Numpty was recently voted Scotland's favourite word, according to the BBC. This Scots word means a fool or an idiot and is often used to describe politicians. There are several Scots words for foolish, how about dippit or glaekit? These are words that even Sassanachs (English people like me) use on a regular basis. Other Scots words and expressions I use include:
in a fankle - in a tangle, a mess
crabbit - bad tempered, grumpy
dour - miserable (person or weather)
drookit - soaking wet (from the rain)
peely wally - pale and sickly
blether - talk, chatter, ramble on and on or to describe someone who talks a lot
puggled - too exhausted to do anything
bumfle - creased, wrinkled
shoogle - to shake from side to side
For more Scots words and phrases, visit here.
There are various dialects of Scots spoken in various parts of the country but the most telling difference between the two main cities is said in English rather than Scots:
You arrive at someone's house in Glasgow to be greeted with: 'You'll be wanting your tea, then?' whereas in Edinburgh it will be: 'You'll have had your tea then?'.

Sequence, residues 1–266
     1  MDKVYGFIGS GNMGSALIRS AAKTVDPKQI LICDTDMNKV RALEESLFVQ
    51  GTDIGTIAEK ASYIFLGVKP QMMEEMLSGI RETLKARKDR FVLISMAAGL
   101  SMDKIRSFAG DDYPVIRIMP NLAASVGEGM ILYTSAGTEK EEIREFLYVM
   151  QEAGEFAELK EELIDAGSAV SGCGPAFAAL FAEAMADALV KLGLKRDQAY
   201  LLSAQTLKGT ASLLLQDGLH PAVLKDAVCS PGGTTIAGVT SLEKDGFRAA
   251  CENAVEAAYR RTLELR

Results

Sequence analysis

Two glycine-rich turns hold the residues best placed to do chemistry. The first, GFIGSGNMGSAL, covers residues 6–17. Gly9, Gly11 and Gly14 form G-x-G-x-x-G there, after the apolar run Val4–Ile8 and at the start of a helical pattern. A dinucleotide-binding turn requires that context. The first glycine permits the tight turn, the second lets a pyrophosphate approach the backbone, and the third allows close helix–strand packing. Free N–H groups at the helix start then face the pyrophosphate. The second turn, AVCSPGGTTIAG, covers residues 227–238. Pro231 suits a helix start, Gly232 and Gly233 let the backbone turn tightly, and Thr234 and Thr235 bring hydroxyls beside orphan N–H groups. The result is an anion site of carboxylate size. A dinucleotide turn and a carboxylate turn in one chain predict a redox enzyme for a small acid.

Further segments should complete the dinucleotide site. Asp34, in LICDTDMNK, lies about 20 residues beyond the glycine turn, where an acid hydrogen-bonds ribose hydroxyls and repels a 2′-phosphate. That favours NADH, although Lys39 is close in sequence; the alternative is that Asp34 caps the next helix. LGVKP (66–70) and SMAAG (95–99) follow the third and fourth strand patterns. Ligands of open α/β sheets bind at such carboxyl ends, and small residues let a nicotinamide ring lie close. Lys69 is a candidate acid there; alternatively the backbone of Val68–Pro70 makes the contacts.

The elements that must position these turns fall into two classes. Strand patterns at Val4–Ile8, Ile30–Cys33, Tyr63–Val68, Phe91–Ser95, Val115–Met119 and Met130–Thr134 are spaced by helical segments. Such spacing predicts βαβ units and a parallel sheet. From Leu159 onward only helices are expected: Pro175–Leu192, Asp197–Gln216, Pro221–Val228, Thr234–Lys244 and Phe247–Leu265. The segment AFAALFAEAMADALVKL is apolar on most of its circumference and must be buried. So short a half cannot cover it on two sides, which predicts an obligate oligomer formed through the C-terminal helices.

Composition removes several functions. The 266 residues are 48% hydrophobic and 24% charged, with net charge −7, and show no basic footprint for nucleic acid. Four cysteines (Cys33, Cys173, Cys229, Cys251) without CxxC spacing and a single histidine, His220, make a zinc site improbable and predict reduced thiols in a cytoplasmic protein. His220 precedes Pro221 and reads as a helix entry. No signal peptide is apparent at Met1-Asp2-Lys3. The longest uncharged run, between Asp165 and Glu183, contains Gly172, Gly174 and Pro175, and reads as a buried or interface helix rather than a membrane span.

These types of small differences can be fascinating. For example, my partner's family, when they say they're going to 'stretch their legs' mean they're going to sit down, whereas my family mean they're going for a walk when they say exactly the same thing.
I remember a wonderful phrase of my Grandmother's 'I'm off to see my aunt' she'd say as she went off to the bathroom.
There are so many weird word usages! I know several people who will say 'what a wombat!' when someone does something silly (hey come on we're in Scotland, what's wrong with numpty!!).
I spent two years in Malawi and there are a couple of Chichewa words I will still use:
Zikomo - thank you, excuse me, look out there's a lion behind you (admittedly this last usage has declined since I returned to Scotland.)
Osoandola - don't worry
Chabwino - Okay, fine
Tikupita - let's go! My partner has corrupted this into chick pea pizza for some reason.
I grew up in Lancashire and for lots of regional words from that area, please see Sue Berry's entry for this prompt.